Booker returns to Fitzroy. She is still standing behind the glass window. If blood is smeared across Fitzroy’s face, then Booker is covered head to toe. He stares into the abyss, seeing a monster, but does not recognize the own monstrosity that inhabits his own body. He does not think, only judge; and, before long, execute.
As Booker approaches, Elizabeth is frenetically pounding on the glass window, pleading with Fitzroy, who is obscured in shadow. She is up to something sinister, but we don’t know what yet.
Fitzroy walks forward, a young white child slung under her forceful grip, a pistol pointed at its temple. Whether this is the offspring of Barton Fink is unknown; for the sake of dramatic argument, let’s say it is.
Elizabeth turns to her savior, Booker; the murderer, Booker.
“We have to act – we have to get in there!”
Booker doesn’t murder children, just anyone that gets in his way; but Fitzroy has gone too far. Fink’s death was justified – as much as any murder in Columbia can be – but this child is an innocent. Pure and protected from the harsh realities of the outside world, this small boy, representative of the innocence of childhood and so-called angelical ‘whiteness,’ is an object of scorn for Fitzroy. He represents a privileged life she could never have, an existence that she can never hope to attain. And for that, in her view, he deserves to die.
But to Booker – and by extension, the player – this child needs saving. And Booker is just the man – the only man – to do it.
Booker can’t get to Fitzroy through the abyss of the glass window, but he can boost Elizabeth up into a nearby vent: which he does, without question. He then goes to the window and confronts Fitzroy, her murderous intention now more clear than ever before.
Booker knocks on the glass loudly, a smug sound in his voice as he speaks.
“Is this it? Is this your movement, Daisy?”
Daisy turns around. Booker now gets a clear look at her, blood spattered on her face like a tribal warlord.
“You see, the Founder’s ain’t nothin’ but weeds. Cut ‘em down and they just grow back!”
Fitzroy raises her gun up in the air, in what to her, seems to be a triumphant moment.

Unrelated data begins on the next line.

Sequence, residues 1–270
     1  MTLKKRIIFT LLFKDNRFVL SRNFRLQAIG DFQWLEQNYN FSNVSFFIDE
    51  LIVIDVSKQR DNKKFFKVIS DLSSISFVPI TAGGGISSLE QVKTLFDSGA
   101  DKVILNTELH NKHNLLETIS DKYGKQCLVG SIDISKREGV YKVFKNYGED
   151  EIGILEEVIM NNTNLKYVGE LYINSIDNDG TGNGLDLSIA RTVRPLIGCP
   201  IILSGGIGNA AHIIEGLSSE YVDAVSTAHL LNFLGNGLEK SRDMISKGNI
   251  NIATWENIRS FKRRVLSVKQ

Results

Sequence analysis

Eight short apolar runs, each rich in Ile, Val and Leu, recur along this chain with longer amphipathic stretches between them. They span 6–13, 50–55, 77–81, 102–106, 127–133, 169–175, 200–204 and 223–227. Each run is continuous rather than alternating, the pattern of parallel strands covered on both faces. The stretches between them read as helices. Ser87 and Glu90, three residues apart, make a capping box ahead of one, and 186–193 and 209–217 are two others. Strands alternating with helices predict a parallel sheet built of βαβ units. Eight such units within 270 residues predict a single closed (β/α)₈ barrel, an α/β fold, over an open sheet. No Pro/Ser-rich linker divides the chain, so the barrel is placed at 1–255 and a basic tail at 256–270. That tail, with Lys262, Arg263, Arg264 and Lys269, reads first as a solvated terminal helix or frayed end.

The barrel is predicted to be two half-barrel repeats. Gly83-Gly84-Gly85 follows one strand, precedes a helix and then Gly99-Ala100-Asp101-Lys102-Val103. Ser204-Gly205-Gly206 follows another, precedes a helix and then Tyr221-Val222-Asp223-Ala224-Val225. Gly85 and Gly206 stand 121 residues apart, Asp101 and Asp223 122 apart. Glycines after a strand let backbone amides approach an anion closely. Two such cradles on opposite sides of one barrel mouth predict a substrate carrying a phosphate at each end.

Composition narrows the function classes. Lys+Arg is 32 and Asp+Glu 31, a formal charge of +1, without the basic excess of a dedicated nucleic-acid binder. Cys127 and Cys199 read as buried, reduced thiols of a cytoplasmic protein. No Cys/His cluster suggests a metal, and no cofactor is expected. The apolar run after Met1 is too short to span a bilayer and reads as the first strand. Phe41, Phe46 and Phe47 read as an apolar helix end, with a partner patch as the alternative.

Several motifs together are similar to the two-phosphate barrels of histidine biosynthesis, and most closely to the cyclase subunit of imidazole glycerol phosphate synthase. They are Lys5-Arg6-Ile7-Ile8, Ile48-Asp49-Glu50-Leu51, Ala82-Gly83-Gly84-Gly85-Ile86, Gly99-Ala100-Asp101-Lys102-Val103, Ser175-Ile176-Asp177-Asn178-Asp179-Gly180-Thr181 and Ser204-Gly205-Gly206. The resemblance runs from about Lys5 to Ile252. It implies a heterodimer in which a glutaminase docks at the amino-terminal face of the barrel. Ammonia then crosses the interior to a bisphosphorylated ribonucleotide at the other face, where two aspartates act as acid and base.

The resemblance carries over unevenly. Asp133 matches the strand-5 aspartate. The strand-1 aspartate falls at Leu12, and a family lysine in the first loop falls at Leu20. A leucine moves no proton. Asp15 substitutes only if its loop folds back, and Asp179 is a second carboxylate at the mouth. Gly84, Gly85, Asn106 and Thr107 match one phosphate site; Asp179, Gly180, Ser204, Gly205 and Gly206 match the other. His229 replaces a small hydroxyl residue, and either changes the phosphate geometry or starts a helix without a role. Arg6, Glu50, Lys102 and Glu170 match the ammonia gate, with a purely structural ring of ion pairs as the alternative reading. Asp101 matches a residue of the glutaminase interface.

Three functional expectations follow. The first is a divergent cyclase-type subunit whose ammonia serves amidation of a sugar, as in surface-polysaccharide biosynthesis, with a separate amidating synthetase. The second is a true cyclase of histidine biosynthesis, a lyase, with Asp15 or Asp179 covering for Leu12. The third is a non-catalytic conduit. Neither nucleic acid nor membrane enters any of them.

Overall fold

“If you wanna get rid of the weed, you gotta pull it up from the root.”
And just like that, in the middle of her so-called ‘bad guy speech,’ Fitzroy is stabbed from behind by Elizabeth.
She lays dying at Elizabeth’s feet, blood gurgling out of her mouth. Finally, the last trace of life escapes her body. The “all-out war” Fitzroy is dead, and the boy is saved. But is this really the triumphant moment that it seems?
No, of course not; Elizabeth is now a murderer as well. Fitzroy is dead, her corpse lying on the floor between Booker and Elizabeth – between the abyss that separates them. The glass window opens, revealing murder begetting murder, showing Elizabeth’s full loss of innocence; she is now guilty of murdering a woman that she greatly admired in the main timeline.
Booker rushes to comfort Elizabeth, but it’s useless. She runs from his advances, spurns his identification as a fellow murderer. Behind closed doors, Elizabeth changes, both mentally and physically. Not just from her murder, but from the realization that what she had done might have actually been wrong, that even an alternative timeline version of Fitzroy, however brutal she was, did not deserve to die.
And this is why Fitzroy’s death is such a powerful moment in Bioshock Infinite; for the way that it blends perceptions of murder, race, and classism into one scene – filled to the brim with character development and depth. It takes the idea of death and loss of innocence, and brings it forward a step further – by telling us that no one is truly blameless in Columbia.
Not even Barton Fink’s son.